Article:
Probes that trigger above the bed (IR probe)This one is easy. Remember the Z Height Calculation for Trigger ABOVE Bed drawing above? The Z height – which is the value the firmware cares about – is calculated by adding the probe Z height to the trigger Z height. If your SingleLayerTest is too thick, you need to increase trigger Z height to move the nozzle closer to the bed. Conversely, if the SingleLayerTest was too thin, decrease trigger Z height. The way to think about this is from the perspective of the desired Z height. The probe Z height is fixed as long as you don't physically alter the probe or its mount. So if a first layer is too thick, your goal is to increase the Z height, thereby moving the nozzle closer to the bed. You do this by increasing the trigger Z height (since probe Z height does not change).
Probes that trigger below the bed (FSR probe)Look at the Z Height Calculation for Trigger BELOW Bed drawing above. In this case, if the SingleLayerTest is too thick the probe Z height must change in the positive direction (a smaller negative number). If the SingleLayerTest was too thin, probe Z height must change in the negative direction (a more negative number). This might seem a little counterintuitive until you consider that the direction and magnitude of the change is relative to the probe Z height. Let's take a concrete example so it sticks in your mind:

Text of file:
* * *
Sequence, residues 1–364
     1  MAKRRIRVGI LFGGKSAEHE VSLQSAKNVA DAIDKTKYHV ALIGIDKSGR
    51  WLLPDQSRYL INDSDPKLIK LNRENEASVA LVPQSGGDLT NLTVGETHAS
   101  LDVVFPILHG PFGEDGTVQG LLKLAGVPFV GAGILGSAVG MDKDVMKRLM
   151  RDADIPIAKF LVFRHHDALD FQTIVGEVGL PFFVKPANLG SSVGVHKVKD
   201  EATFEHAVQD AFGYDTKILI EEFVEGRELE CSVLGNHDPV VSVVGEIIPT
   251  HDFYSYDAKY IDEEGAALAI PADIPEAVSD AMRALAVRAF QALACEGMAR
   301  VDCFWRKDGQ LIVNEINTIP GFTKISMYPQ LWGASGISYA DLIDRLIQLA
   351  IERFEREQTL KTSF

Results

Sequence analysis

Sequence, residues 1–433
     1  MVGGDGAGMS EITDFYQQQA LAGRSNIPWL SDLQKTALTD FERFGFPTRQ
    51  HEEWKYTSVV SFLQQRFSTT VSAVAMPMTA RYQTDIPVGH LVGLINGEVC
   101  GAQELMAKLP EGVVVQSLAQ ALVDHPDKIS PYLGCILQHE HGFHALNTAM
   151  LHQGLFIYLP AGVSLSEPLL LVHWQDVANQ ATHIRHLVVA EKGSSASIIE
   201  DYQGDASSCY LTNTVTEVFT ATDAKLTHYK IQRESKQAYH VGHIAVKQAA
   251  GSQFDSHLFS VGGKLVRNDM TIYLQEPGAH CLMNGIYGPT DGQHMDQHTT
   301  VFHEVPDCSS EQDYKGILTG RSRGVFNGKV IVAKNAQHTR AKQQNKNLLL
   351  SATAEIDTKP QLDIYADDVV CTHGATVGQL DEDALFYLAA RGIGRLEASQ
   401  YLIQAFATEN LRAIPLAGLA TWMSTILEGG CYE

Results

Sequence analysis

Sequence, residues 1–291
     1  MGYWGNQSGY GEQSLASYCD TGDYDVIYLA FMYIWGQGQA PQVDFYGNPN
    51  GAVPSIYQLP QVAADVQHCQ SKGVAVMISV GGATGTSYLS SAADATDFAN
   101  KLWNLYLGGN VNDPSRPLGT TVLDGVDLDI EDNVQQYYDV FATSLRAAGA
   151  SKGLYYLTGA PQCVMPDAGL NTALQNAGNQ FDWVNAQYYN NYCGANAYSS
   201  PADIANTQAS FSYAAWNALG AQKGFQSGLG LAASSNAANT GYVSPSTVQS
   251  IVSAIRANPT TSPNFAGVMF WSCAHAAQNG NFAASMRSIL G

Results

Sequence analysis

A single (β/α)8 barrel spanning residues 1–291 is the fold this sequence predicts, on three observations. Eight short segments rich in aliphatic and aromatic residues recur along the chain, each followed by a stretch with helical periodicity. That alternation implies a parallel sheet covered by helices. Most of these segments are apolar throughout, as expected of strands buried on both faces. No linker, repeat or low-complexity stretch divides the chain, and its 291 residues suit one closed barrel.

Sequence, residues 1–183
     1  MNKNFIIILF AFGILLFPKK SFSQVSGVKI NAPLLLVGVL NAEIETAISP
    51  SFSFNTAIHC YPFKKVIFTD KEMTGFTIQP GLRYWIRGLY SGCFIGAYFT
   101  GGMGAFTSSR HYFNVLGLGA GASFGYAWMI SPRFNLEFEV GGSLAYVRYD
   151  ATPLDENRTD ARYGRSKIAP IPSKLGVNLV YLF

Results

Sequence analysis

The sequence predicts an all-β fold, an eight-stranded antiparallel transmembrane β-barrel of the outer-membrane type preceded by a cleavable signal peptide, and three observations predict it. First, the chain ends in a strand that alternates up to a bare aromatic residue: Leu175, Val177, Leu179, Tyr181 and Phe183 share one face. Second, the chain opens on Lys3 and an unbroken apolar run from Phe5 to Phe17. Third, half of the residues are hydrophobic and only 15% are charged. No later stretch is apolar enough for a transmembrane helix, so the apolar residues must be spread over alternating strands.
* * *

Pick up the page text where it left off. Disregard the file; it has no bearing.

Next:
Assume you have 0.20mm layer height and FSR probe with G31 Z-0.15 to let the firmware know the probe triggers slightly below the bed surface.
Now you print the SingleLayerTest and measure it at 0.16mm thick. This is 0.04mm thinner than you expected. What this says is that the Z probe height is longer than the desired Z height so you need to make it shorter. You've already told the firmware to move -.15mm with the G31 Z-0.15 but that wasn't enough, so to move back more, subtract 0.04mm from the Z height offset (-.15m) to get -0.19mm. Set G31 Z-0.19 in config.g and auto-calibration should result in a perfect Z height and perfect first layer thickness the next time you print.
Or the easy way with RRF 1.18 Baby SteppingRepRapFirmware v1.18 introduced a new feature – M290 baby stepping – and Duet Web Control v1.15a supports it with new buttons on the Print Status page.
Baby Stepping Buttons
-.015 - .04 = -0.019mm
Set G31 Z-0.019 and you have corrected your Z height offset.
ConclusionI realize this is probably more detail than most would like but I wanted to capture this so I don't have to repeat myself. I receive a lot of questions about probing and bad first layer heights. Many times, the simple explanation and answer is that delta auto-calibration does require calibrating the probe itself – Z height offset!
E3D Online V6 hot end drawing used with permission.